Personal freedom versus corporate liberties

Abstract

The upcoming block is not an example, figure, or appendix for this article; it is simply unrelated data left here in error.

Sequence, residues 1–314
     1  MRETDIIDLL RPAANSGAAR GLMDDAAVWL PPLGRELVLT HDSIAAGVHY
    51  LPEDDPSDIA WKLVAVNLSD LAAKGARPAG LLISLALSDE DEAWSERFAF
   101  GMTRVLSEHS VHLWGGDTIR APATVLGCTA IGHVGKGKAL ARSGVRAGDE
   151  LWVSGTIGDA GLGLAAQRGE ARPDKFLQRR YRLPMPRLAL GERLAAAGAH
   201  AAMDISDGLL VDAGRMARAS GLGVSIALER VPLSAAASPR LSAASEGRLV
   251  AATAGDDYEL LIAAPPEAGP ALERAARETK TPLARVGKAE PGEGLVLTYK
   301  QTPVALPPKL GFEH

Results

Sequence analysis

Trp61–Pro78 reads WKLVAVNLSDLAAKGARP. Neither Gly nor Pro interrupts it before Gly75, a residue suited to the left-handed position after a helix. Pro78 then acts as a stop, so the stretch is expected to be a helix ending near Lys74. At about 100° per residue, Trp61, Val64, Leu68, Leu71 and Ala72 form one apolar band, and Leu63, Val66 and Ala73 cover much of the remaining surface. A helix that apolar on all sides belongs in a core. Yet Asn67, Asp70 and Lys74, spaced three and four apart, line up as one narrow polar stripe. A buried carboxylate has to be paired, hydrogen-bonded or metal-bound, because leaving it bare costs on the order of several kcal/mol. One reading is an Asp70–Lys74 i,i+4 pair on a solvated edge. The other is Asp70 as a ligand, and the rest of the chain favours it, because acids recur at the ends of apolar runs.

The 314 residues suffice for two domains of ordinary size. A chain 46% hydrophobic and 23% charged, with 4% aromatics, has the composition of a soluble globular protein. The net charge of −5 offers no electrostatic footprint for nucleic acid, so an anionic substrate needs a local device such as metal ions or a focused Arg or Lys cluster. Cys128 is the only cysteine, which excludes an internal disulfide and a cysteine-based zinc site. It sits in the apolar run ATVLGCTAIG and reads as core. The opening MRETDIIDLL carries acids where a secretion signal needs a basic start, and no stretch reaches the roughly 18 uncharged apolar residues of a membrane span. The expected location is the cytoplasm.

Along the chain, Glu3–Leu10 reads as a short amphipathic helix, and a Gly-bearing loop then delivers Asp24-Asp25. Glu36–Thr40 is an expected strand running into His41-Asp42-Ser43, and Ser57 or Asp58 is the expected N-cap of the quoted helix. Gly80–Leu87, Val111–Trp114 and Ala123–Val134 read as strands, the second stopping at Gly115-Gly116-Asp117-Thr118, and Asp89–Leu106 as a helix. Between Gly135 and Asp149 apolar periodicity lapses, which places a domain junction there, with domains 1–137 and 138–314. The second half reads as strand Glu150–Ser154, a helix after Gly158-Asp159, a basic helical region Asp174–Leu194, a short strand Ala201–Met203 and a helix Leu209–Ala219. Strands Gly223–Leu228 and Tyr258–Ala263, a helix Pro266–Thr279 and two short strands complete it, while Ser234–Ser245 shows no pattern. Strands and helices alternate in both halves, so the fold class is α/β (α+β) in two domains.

Are limited liability business corporations compatible with the free market, as libertarians understand it? Many libertarians think they are. Others are at least doubtful. And still others—I include myself1 among them—deny that limited liability business corporations belong in a free market.2 My purpose here is to spell out some of the reasons for that denial as well as to qualify it: I have no argument against large enterprises that issue limited liability shares or protect their managers with extensive vicarious liability arrangements. However, as we shall see, the compatibility problem of the corporation does not stem from these contemporary business practices. There is no need here to consider the legal and political incentives and disincentives, such as tax and labour laws, accountancy requirements, jurisprudential doctrines, administrative practices and so on, that in various national legal systems may incline people to see the corporate form as advantageous or disadvantageous relative to other forms of business organisation. Such factors reflect various types of interventions by the state, its legislators, administrators and judges, which would be absent in a libertarian free market. Consequently, they are not germane to the logical question of the compatibility of business corporations with the principles of the free market. Of course, I must assume respect for personal..

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